In exactly one year’s time, young athletes from 71 nations and territories will experience a Caribbean carnival of Commonwealth connections as the Opening Ceremony of the VIth Commonwealth Youth Games bursts into life. The Bahamas 2017 Commonwealth Youth Games will be the largest international sporting event ever to be hosted in The Bahamas, and the largest-ever edition of the Youth Games, with up to 1300 athletes aged 14-18 set to make the most of an inspiring and immersive mix of impactful sporting competition, personal development and new Commonwealth friendships.
Coordinated by the Bahamas Commonwealth Games Association and the Bahamas’ Ministry of Youth, Sports and Culture, the nation’s first-ever international multi-sport event will see 94 medals contested across Athletics, Aquatics (Swimming), Beach Soccer, Boxing, Cycling (Road), Judo, Rugby Sevens, Tennis and (subject to final confirmation) Beach Volleyball. It will be the first time Judo, Beach Soccer and Beach Volleyball have been presented at a Commonwealth Youth Games.
Commonwealth Games Federation President Louise Martin CBE said:
“Today marks an important moment in the journey towards the biggest sporting event The Bahamas has ever hosted. With one year to go, it is wonderful to see the Local Organising Committee making great strides towards their ultimate goal of delivering an inspiring and inclusive Youth Games for the young athletes of the Commonwealth. It will be a unique and empowering opportunity to celebrate and engage young people on the level playing field of sport, and we all look forward to experiencing Bahamas 2017 this time next year”.
A Transformation 2022 Gender Equality Taskforce with a mandate to “leave no stone unturned” in pursuit of gender equality opportunities across the Commonwealth sporting spectrum has been set up by Louise Martin CBE, President of the Commonwealth Games Federation (CGF), it will be announced today at the Commonwealth Secretariat’s inaugural Commonwealth Women Leaders’ Summit.
The Taskforce, headed by CGF Vice Presidents Kereyn Smith (New Zealand) and Bruce Robertson (Canada), will work with sporting stakeholders, including future Games and Youth Games Host Cities, International Federations and member Commonwealth Games Associations to comprehensively audit and explore opportunities for gender equality across all of the Commonwealth Sport Movement's activities and impacts.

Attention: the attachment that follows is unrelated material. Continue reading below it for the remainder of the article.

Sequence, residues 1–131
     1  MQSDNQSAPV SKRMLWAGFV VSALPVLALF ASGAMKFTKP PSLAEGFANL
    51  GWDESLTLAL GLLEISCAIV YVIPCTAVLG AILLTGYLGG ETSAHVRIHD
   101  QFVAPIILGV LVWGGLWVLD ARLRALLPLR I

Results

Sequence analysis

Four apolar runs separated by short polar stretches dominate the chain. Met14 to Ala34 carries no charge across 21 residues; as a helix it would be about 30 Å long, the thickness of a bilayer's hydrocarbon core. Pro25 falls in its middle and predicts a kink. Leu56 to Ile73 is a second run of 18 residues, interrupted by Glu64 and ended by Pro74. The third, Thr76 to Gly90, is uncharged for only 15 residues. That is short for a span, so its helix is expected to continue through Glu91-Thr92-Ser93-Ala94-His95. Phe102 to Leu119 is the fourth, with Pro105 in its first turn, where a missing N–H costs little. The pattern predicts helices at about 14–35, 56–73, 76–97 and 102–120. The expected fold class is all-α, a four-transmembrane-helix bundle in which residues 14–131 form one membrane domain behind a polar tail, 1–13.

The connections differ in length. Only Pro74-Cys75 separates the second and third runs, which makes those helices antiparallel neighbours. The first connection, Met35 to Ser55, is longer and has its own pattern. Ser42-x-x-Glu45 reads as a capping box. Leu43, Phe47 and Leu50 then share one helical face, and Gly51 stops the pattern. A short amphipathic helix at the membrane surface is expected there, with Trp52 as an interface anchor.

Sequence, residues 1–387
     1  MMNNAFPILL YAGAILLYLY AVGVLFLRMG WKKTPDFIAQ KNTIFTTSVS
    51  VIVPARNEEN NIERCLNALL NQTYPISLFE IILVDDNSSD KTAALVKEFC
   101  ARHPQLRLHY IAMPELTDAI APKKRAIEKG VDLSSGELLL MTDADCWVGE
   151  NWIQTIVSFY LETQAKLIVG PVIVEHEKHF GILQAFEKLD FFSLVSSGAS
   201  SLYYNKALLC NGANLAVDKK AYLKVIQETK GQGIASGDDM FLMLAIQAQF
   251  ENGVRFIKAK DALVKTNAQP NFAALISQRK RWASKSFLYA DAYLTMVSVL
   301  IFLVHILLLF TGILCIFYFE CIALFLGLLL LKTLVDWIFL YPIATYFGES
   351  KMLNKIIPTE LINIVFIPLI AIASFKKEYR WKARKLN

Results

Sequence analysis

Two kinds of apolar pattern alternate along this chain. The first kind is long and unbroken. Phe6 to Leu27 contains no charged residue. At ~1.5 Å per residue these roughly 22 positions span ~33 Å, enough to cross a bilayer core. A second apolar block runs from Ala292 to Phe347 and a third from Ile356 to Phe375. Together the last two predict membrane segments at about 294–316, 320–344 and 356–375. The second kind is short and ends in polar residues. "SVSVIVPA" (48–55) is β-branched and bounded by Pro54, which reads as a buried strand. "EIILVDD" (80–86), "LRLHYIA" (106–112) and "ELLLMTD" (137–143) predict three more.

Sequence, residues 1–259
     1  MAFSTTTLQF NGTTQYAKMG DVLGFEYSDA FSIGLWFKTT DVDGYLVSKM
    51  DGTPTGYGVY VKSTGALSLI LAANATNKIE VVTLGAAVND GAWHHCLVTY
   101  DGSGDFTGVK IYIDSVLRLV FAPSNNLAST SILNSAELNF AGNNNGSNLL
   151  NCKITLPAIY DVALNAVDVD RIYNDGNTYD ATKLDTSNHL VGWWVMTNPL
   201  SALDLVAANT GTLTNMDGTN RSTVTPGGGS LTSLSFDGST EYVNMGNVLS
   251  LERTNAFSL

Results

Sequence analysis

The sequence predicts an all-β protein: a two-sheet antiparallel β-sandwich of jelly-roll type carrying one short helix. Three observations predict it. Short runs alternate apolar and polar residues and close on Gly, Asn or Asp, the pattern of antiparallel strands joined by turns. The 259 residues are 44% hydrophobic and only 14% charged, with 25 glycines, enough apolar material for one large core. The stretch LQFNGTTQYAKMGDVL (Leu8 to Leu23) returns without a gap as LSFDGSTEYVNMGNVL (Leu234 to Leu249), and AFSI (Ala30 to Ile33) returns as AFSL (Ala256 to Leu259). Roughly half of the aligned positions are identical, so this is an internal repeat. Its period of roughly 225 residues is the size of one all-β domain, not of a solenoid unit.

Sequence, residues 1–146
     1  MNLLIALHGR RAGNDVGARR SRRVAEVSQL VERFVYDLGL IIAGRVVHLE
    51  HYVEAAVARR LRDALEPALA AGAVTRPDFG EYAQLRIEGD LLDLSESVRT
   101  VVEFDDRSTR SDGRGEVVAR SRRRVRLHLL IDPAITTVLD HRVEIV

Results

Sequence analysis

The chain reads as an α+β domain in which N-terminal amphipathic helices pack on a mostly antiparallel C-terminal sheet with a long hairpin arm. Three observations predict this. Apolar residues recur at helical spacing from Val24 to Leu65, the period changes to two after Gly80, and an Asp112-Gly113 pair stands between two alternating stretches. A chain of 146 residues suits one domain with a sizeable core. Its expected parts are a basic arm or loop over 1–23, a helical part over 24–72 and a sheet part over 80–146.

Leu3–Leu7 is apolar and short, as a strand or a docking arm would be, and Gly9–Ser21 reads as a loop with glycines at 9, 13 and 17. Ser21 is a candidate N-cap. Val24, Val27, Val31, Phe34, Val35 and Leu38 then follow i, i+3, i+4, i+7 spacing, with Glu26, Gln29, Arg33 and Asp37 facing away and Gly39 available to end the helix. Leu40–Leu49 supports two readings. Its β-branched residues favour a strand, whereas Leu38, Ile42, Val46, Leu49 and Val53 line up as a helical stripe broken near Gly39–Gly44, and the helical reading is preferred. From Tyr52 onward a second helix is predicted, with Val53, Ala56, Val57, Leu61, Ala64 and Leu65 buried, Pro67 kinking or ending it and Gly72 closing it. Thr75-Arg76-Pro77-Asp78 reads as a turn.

Louise Martin CBE, elected as the Federation’s first-ever female President in September 2015, said: “I am passionately committed to ensuring that we live our values of Humanity, Equality, Destiny in everything we do. I’ve asked our Transformation 2022 Gender Equality Taskforce to leave no stone unturned as they explore how Commonwealth sport and everyone in our diverse sporting family can better deliver for women and girls.
“I believe our dynamic sporting movement has an important part to play in an energised, engaged and empowered Commonwealth of Nations and Territories, and especially so in this Year of 'An Inclusive Commonwealth.' We are delighted to be participating in today’s Commonwealth Women Leaders’ Summit and look forward to playing a lead role in realising ambitions and opportunities through sport for all Commonwealth citizens.”
Olympic hopeful Shaquille Dill was less than two seconds outside the Olympic qualifying time of 1min 46sec in the 800 metres when he won his heat in 1:47.39 at the Princeton qualifier in New Jersey over the weekend.
Dill was competing at the event along with Dage Minors, another middle distance runner, as Lamont Marshall competed overseas in his hopes of reaching the qualifying mark before the July 11 deadline.
Dill was third overall, but still needs to shave a couple of seconds off his time in order to qualify for Rio this summer.
Swimmers Julian Fletcher and Rebecca Heyliger will represent the island at Caribbean Championships in the Bahamas next weekend, looking to fine tune their techniques as they get set to compete in their first Olympic Games in August.
Fletcher will swim in the 100 metres breaststroke where he holds the national record of 1min 02.47sec, while Heyliger has qualified for the 50 metres freestyle.
Both are based in Southern California where they train together.
They don’t exactly know what to expect in Rio, but know they will be up against the world’s top swimmers.